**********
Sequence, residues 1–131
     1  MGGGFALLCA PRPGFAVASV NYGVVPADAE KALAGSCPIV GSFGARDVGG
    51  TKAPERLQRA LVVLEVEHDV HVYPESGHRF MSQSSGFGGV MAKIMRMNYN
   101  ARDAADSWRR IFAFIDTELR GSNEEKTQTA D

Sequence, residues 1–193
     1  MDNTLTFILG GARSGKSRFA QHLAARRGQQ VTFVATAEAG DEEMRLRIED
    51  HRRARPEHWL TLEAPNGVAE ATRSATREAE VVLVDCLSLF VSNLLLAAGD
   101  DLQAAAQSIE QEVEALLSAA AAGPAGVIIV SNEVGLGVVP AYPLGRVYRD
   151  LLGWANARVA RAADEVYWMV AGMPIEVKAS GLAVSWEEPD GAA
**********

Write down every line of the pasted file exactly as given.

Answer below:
Sequence, residues 1–131
     1  MGGGFALLCA PRPGFAVASV NYGVVPADAE KALAGSCPIV GSFGARDVGG
    51  TKAPERLQRA LVVLEVEHDV HVYPESGHRF MSQSSGFGGV MAKIMRMNYN
   101  ARDAADSWRR IFAFIDTELR GSNEEKTQTA D

Sequence, residues 1–193
     1  MDNTLTFILG GARSGKSRFA QHLAARRGQQ VTFVATAEAG DEEMRLRIED
    51  HRRARPEHWL TLEAPNGVAE ATRSATREAE VVLVDCLSLF VSNLLLAAGD
   101  DLQAAAQSIE QEVEALLSAA AAGPAGVIIV SNEVGLGVVP AYPLGRVYRD
   151  LLGWANARVA RAADEVYWMV AGMPIEVKAS GLAVSWEEPD GAA